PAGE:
2. Employee Manuals – If you don’t have an employee manual in place, including a process for team reviews and expectations for raises, this is a great time to put one in place. Start your new employee off right and get your team on the same page. WRITTEN Employee Manuals are a must once the 2nd employee is added to the bus. It is now time to start operating like a real business, including all facets of HR.
3. Create Growth Tracks – We realize that the position you just hired may truly be a higher paying position than the ones your current team fill. This isn’t a matter of who is more important – all team is important – but some positions may carry more pressure to produce revenue and come with a higher salary. Now is the time to have this crucial conversation with your current team members. Set aside the common misconception that team is paid based on seniority or titles. Let them know everyone has the opportunity to grow in the firm including growing into positions that pay more. Create a path and plan with each team member of where they’d like to grow and what it would take to be qualified for that role. Let them know what areas they would need to start learning and stepping into.
You will keep your team members vested in your company as they know how to grow there. You will also allow some team members to realize they want to stay in a certain position and understand why they aren’t making as much as some other team members. For example, I had a phenomenal receptionist once. The best I’ve ever worked with. We had a client services position open up and she asked if she could move up into that position. We agreed. She was fantastic with people, our clients already loved her, and we thought it could be a great fit. She was thrilled with the promotion and the pay raise that came with it. However, after a few weeks, she came to me and told me that she honestly wasn’t a fit for the position. The pressure to convert appointments and the increased expectations of hosting evening and weekend workshops was stressed her out, keeping her up at night and interfering with her ability to be there for her young daughter. We talked it out and agreed that she would move back into her role as receptionist. It was a great conversation which she was thankfully brave enough to have with me. We didn’t want her miserable in her new role and she now understood why that position paid more than hers. There was no bitterness when we hired a new person to fill this role and she made more than her. The key is that she was allowed to choose her own growth path. She had a say in the matter versus being ignored.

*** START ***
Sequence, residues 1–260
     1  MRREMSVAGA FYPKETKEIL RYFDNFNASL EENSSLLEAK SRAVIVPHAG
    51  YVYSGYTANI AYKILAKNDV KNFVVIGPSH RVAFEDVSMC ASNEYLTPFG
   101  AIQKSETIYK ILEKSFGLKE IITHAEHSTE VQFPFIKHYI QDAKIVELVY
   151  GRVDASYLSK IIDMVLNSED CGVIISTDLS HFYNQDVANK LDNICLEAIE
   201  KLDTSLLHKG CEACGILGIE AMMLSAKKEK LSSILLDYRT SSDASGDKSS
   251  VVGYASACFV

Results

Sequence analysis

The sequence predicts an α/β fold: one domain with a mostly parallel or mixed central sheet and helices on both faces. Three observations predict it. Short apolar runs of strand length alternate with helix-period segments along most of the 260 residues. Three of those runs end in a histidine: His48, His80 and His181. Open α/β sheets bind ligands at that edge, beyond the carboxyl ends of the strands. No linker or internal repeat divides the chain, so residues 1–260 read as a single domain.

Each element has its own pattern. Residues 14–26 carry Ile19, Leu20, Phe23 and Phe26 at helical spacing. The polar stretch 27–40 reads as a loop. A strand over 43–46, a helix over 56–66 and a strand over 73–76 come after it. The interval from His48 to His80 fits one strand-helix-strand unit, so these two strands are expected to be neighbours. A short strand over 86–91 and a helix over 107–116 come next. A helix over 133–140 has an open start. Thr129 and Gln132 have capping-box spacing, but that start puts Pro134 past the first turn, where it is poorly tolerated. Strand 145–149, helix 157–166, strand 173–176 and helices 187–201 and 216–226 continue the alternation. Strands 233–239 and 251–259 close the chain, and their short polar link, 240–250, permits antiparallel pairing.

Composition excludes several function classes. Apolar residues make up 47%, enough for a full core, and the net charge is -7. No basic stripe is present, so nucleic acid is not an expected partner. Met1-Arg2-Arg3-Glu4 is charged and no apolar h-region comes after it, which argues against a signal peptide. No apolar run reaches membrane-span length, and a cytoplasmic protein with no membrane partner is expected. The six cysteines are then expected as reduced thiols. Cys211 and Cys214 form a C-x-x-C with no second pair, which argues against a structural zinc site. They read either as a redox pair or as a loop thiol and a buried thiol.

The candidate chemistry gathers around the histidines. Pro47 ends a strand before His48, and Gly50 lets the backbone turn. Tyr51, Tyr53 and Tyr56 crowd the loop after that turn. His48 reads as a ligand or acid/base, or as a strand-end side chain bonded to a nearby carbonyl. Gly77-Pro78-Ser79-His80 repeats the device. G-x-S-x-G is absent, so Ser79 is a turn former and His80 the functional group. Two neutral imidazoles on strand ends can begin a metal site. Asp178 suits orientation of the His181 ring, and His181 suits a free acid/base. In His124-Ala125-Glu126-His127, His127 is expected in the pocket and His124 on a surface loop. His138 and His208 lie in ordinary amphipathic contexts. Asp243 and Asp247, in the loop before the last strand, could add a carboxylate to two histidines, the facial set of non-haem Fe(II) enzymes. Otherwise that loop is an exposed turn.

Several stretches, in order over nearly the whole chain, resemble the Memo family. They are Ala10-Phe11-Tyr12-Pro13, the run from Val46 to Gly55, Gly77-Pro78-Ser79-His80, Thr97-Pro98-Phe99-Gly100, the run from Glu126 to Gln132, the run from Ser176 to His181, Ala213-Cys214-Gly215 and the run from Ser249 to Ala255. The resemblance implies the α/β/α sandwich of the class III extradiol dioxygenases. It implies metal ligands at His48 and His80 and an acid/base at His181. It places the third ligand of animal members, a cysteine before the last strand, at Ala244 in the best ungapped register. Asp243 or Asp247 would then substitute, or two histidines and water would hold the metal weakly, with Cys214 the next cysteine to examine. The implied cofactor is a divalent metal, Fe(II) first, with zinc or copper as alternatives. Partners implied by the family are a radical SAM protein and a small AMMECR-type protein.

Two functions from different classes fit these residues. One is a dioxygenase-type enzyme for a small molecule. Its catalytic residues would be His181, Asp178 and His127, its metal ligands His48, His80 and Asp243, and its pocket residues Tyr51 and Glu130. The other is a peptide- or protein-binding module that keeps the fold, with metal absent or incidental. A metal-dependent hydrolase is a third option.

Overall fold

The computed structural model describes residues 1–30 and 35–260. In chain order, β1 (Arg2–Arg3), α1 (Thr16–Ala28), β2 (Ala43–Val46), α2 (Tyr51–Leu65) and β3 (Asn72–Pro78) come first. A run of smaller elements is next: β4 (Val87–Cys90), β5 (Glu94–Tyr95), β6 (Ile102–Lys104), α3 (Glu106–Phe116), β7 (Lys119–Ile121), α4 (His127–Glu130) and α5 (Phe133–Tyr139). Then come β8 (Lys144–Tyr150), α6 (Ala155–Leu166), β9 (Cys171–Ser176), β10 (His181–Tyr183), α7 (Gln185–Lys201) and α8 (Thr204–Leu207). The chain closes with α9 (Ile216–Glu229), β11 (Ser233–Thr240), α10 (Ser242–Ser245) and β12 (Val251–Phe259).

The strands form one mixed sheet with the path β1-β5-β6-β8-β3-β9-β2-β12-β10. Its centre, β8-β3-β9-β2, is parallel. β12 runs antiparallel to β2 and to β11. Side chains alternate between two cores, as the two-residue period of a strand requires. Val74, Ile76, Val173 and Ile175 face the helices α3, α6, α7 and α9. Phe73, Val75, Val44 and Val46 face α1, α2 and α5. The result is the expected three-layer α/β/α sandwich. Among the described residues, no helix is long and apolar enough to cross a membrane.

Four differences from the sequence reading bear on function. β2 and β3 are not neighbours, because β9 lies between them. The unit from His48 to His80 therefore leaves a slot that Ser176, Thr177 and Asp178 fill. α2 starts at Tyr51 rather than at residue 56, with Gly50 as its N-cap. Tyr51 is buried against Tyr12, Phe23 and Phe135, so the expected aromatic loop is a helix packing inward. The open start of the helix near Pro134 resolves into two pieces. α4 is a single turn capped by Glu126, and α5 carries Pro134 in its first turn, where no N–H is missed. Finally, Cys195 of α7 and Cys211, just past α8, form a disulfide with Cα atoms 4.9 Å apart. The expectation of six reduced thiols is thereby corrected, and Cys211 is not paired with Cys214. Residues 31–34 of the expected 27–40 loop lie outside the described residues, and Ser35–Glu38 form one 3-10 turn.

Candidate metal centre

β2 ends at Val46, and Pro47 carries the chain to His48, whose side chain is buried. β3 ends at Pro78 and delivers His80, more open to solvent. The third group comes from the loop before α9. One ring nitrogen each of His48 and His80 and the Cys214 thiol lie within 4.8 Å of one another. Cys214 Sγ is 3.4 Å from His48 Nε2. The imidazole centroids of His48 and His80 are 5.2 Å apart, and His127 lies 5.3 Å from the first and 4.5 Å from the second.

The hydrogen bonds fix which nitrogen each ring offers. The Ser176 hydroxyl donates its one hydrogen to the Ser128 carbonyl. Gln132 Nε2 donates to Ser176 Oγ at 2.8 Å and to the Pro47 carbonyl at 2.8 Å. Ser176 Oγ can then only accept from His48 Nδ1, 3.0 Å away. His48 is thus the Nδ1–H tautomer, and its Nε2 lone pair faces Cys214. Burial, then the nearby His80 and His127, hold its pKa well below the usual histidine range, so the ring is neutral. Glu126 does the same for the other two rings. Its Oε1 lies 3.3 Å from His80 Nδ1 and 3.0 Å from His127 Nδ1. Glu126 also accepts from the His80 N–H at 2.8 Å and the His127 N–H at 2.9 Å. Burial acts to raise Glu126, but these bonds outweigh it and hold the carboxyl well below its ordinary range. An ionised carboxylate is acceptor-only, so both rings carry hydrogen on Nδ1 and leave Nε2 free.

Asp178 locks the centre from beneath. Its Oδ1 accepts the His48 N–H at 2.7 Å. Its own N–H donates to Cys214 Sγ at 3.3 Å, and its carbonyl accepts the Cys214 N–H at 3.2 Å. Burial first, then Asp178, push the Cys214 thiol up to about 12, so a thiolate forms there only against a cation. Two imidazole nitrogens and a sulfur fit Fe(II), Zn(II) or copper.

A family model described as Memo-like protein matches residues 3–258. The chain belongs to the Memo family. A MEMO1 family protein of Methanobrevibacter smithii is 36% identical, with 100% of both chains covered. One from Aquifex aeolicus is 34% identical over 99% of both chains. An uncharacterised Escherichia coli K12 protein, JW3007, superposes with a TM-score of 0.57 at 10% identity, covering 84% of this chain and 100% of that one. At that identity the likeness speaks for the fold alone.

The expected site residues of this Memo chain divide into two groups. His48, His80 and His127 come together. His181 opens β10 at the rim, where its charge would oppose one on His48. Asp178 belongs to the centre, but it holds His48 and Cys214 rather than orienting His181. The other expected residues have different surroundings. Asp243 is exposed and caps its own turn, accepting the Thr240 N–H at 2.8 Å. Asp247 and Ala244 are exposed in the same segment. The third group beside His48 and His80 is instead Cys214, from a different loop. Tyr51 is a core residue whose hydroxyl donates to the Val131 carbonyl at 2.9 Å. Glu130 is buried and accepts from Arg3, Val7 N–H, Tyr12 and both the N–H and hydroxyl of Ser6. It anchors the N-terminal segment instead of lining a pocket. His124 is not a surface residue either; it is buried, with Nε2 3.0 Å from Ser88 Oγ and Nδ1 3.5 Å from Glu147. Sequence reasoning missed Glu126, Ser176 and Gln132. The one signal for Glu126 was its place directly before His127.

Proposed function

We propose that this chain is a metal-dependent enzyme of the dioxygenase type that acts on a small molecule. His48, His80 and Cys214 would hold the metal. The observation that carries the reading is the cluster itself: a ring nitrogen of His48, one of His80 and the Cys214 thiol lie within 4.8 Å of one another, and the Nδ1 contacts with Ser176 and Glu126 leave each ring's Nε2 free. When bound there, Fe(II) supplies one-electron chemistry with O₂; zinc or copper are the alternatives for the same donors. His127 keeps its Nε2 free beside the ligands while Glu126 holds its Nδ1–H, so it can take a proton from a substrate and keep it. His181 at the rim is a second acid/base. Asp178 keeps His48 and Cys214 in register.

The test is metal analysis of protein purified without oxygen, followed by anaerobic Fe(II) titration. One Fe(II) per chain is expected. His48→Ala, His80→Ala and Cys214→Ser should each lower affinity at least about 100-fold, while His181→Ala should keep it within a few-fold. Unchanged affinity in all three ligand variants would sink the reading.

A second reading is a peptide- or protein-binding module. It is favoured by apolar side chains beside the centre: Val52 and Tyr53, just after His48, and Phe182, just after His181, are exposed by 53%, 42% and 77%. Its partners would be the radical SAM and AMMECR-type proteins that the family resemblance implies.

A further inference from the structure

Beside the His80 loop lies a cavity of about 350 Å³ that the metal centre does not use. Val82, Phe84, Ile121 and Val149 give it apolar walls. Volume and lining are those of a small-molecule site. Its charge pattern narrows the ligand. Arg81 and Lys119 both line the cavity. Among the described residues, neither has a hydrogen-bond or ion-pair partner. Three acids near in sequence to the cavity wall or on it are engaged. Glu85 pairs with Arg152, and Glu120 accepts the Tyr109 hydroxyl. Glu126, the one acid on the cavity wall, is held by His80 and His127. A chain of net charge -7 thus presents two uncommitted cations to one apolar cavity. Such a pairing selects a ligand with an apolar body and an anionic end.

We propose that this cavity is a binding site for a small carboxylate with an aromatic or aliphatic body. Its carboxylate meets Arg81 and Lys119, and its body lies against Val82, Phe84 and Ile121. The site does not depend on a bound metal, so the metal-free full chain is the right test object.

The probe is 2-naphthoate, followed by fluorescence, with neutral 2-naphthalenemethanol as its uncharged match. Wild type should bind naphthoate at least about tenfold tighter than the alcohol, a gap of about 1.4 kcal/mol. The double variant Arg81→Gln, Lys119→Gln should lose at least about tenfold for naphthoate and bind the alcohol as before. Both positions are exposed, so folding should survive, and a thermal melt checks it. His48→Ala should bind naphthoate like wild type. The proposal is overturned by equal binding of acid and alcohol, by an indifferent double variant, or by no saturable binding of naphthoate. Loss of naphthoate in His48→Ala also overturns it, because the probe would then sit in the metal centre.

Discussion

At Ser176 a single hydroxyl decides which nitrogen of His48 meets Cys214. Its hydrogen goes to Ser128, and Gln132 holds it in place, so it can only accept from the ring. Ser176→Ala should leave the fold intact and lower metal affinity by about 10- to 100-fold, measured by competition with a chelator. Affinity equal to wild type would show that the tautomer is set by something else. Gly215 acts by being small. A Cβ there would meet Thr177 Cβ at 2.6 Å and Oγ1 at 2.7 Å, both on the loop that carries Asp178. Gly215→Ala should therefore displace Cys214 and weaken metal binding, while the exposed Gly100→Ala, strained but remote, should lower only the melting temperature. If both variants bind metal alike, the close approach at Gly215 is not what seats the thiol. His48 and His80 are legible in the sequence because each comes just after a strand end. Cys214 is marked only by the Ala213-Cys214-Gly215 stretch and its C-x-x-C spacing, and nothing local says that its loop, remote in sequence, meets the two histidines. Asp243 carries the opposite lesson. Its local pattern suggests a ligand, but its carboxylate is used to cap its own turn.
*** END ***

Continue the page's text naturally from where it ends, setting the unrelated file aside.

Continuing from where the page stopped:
As long as each team member has a growth track with clear expectations then you can have salary conversations authentically and without fear of the team leaving or growing resentful. Team reviews are a great platform to create a growth track for each team member and to check in at least annually on their progress.
Remember, ignoring the issue will only allow it to fester and become an unnecessary, uncontrolled problem(s) versus handling it proactively.